• Video: Free Speech Union asks Hastings District Council why it cancelled Drag Queen event, warns that legal action could follow

Video: Free Speech Union asks Hastings District Council why it cancelled Drag Queen event, warns that legal action could follow

The Hastings District Council has been asked by the Free Speech Union to explain why it cancelled a controversial Drag Queen rainbow story time event at the local library, and warned that legal action may follow.

The Union’s Chief Executive Jonathan Ayling told Hawke’s Bay App last week that his organisation had written to the Council and to police asking for an explanation as to why the event was cancelled.

Hastings District Council announced on Tuesday that disinformation being spread about an upcoming library programme had forced it to cancel the children’s story time event, and a teen event, due to concerns the young attendees cannot be kept safe.

The Taranaki-based drag queen entertainers Coco (Sunita Torrance) and Erika Flash (Daniel Lockett) travel the country visiting libraries and other spaces to share messages of acceptance, inclusion, tolerance and self-belief and have previously brought their events to Hastings Library, in August 2020 and again in 2022.

The same event in Rotorua was cancelled last week, with the local council citing security concerns amid "hostile dialogue" and "rapid spread of misinformation".

"While the programmes have run in previous years with no issues, this year Destiny Church has led a campaign of disinformation about the programmes, and Council is concerned about public safety in light of planned protests," Hastings District Council said in a statement on Tuesday.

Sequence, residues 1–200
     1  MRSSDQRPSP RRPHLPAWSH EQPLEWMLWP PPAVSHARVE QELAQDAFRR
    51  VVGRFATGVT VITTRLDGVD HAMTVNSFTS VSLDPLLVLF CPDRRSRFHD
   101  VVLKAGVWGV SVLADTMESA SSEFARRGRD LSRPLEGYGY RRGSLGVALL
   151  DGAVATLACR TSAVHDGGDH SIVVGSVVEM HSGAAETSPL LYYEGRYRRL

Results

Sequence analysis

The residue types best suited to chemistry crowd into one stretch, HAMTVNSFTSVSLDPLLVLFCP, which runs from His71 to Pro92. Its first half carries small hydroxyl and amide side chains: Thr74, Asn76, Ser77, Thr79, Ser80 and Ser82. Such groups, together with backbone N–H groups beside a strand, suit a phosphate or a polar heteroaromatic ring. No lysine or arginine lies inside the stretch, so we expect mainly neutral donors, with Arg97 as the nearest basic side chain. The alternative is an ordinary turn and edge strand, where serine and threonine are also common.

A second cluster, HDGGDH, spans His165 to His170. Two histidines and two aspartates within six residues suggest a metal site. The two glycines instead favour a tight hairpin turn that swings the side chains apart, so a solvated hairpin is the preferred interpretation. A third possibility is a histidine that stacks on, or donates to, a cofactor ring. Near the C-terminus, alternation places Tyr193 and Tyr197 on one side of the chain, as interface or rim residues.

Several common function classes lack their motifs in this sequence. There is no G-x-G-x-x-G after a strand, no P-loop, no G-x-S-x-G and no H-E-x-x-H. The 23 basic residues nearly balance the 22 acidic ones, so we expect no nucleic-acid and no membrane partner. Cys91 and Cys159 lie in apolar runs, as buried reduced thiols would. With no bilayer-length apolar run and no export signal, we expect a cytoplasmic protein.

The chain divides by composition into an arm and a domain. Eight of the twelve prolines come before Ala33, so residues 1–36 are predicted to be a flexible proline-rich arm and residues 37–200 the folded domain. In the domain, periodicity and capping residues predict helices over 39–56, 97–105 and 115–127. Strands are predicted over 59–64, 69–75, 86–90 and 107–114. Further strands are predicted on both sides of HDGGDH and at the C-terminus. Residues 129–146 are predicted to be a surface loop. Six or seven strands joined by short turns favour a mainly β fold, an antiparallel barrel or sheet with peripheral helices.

A Love And Peace Action Event organised by Nevertheless Charitable Trust was held by those for Rainbow Storytime.

Local Destiny Church Pastor Michael Ngahuka said before the event was cancelled that his Church wanted the story time shut down.

Ayling said in an interview with Hawke’s Bay App that they had contacted the Council and the police about the matter.

“Our actions, and specifically, legal actions following on from this, will entirely depend on the responses we receive there. So we're not committing to legal action at this stage by any means. But like with Rotorua, we have contacted them and said that this is the wrong decision to make and that councils need to really be mindful of the fact that individuals have a right to express controversial perspectives.”

“Now, some of your listeners may argue that this goes beyond speech, that this isn't a free speech issue. Look, I would ask them to substantiate that. And if that is the case, if there's clear already unlawful activity occurring, then that's a different issue. Again, as I've said, we have a right to free speech. We have a right to our beliefs. We don't have a right to act however we want.”

Ayling said that both sides needed to respect the fact that “individuals gets to engage from their perspectives and make the case”.

“And if it's a weak case, we don't need to be afraid of it being expressed. I think there's a real pathologising, there's a real creating of a disease around bad ideas being expressed. It has a very low opinion of our fellow citizens. I actually think if there are bad ideas that are out there, let them be expressed. And by and by, we largely see them to be bad ideas and then we grow because of that.”

Ayling said: “What we also say to the council is the council has a responsibility to be the grown-up in the room. And spiritless, health and safety claims are not the way to go.”

A Hastings District Council spokesperson confirmed that the Council had received a Council can confirm it has received a LGOIMA (Local Government Official Information and Meetings Act) request from the Free Speech Union asking for the reasoning behind cancelling the Erika and CoCo Flash Rainbow Story time event at Hastings library.

The spokesperson said that the Council would be responding to the LGOIMA request.

Watch the accompanying video to see the full interview with Jonathan Ayling, in which he explains the importance of freedom of speech.